It’s all about the gaming you can do though, and taking the RiotPWR for a spin with Diablo Immortal showcases how simple it all is. The controller was automatically recognised, and the correct button icons were immediately shown, with some dungeon delving action proving immediately better with actual buttons to press. RiotPWR also has the homegorwn Ludu Mapp app, which provides a curated batch of games with controller support, as well as information on how to use it in popular titles like Apex Legends Mobile.

Jumping into Xbox Cloud Gaming – other streaming services do exist – is as fantastic as it’s proven to be elsewhere, and the RiotPWR Mobile Controller is the perfect way to experience it. Playing Forza Horizon 5 here showcases just how close the whole thing feels to a traditional Xbox experience, and if you’re a subscriber to Microsoft’s platform this is a great controller to consider if you’re planning to do a lot of gaming on the go.

Looking to the competition, the Nacon’s MG-X Pro is only compatible with Android, so that’s one fewer key competitor in this iOS arena. If you’re looking for a more Nintendo Switch-style layout, your best choice is the Backbone controller, though compared to this £70 RiotPWR pad, the Backbone is an additional £30. There is of course the option of grabbing a separate stand and hooking up the via official controller’s Bluetooth to consider. You wouldn’t have to buy or repurpose a controller for this, but you’ll miss out on the precision of the wired connection, being free from additional battery concerns, and the added headphone socket which is perfect for your favourite wired gaming headset.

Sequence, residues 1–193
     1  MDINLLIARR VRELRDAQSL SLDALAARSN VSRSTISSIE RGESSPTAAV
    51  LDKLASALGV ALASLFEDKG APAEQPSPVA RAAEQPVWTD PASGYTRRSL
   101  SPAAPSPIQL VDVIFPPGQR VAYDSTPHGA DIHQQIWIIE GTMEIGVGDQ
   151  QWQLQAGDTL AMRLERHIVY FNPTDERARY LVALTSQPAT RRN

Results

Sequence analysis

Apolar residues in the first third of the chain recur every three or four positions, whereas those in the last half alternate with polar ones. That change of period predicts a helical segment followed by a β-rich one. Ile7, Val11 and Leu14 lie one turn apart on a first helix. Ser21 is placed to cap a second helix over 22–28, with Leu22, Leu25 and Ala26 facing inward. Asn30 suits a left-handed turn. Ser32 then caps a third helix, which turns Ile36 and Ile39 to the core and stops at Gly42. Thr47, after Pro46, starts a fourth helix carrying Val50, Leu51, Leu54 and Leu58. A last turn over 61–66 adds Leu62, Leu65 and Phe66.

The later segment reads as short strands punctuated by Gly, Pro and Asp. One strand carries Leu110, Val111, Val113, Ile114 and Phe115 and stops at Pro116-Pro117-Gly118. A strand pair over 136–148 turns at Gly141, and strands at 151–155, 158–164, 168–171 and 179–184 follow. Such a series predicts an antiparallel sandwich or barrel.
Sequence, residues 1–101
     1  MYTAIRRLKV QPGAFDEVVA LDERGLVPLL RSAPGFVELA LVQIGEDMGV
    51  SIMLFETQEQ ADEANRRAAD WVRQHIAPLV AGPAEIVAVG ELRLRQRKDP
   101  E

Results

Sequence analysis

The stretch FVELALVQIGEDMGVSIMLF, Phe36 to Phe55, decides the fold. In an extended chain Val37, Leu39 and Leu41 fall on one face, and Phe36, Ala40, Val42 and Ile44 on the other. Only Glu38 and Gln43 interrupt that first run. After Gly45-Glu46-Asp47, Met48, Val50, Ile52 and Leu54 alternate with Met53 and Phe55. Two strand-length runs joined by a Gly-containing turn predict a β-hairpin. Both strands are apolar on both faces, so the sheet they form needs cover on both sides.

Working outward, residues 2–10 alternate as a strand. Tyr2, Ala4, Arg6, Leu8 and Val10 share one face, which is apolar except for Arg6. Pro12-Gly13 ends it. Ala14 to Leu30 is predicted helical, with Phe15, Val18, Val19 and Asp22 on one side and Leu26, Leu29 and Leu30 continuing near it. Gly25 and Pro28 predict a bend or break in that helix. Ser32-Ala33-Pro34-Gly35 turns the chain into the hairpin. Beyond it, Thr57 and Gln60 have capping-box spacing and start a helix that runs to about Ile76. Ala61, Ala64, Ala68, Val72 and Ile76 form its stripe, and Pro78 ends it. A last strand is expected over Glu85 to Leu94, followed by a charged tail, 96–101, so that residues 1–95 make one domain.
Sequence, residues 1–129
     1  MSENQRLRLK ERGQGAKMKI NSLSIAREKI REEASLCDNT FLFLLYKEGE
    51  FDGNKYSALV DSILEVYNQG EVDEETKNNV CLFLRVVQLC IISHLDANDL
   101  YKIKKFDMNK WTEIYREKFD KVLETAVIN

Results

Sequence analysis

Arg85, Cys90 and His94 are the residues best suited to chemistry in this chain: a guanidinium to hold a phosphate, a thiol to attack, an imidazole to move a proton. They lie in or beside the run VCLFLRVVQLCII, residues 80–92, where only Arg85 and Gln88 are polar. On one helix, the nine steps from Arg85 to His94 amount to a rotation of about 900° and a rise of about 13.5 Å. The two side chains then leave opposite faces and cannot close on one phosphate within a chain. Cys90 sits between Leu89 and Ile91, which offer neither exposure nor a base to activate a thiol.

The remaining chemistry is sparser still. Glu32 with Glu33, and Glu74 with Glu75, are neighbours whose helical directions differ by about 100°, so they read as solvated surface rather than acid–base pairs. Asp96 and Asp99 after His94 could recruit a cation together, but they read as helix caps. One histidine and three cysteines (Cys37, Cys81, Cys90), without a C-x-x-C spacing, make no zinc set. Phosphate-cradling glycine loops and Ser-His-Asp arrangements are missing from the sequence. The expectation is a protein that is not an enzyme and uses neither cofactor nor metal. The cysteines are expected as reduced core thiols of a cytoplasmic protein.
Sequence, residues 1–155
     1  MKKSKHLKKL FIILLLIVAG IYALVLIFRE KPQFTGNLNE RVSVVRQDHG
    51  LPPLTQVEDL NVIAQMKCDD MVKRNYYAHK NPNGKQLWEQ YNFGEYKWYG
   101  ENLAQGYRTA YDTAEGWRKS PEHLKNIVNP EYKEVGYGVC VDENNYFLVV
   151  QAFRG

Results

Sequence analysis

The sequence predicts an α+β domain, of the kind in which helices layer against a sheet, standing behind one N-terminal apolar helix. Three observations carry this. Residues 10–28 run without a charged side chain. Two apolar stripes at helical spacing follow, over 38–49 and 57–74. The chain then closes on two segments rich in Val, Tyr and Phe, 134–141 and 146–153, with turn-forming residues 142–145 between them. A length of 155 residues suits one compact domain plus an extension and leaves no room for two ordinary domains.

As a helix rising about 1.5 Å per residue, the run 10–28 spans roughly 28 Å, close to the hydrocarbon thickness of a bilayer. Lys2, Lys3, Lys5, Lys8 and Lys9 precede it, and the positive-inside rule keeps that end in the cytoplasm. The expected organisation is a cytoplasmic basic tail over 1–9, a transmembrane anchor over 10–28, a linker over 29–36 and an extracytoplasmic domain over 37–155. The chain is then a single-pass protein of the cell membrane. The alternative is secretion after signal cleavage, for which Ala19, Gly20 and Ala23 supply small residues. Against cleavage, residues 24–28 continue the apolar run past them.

The RiotPWR Mobile Controller for iOS brings mobile gaming as close as possible to a home console experience, especially if you’re a fan of Xbox’s definitive controller layout.
  • Ergonomic Xbox-styling
  • Great analogue sticks and triggers
  • Wired setup is a doddle
  • Shoulder buttons feel flimsy
  • Lack of Bluetooth
Written by
TSA's Reviews Editor - a hoarder of headsets who regularly argues that the Sega Saturn was the best console ever released.